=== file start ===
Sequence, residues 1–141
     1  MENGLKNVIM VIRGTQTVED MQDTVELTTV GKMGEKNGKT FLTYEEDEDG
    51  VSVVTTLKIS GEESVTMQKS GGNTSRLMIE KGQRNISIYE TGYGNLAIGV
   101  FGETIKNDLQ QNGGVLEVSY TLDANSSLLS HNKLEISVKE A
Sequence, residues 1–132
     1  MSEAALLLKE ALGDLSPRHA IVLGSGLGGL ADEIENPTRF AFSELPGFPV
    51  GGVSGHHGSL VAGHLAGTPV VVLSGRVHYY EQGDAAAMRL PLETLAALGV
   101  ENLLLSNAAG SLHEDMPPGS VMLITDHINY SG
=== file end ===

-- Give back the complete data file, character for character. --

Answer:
Sequence, residues 1–141
     1  MENGLKNVIM VIRGTQTVED MQDTVELTTV GKMGEKNGKT FLTYEEDEDG
    51  VSVVTTLKIS GEESVTMQKS GGNTSRLMIE KGQRNISIYE TGYGNLAIGV
   101  FGETIKNDLQ QNGGVLEVSY TLDANSSLLS HNKLEISVKE A
Sequence, residues 1–132
     1  MSEAALLLKE ALGDLSPRHA IVLGSGLGGL ADEIENPTRF AFSELPGFPV
    51  GGVSGHHGSL VAGHLAGTPV VVLSGRVHYY EQGDAAAMRL PLETLAALGV
   101  ENLLLSNAAG SLHEDMPPGS VMLITDHINY SG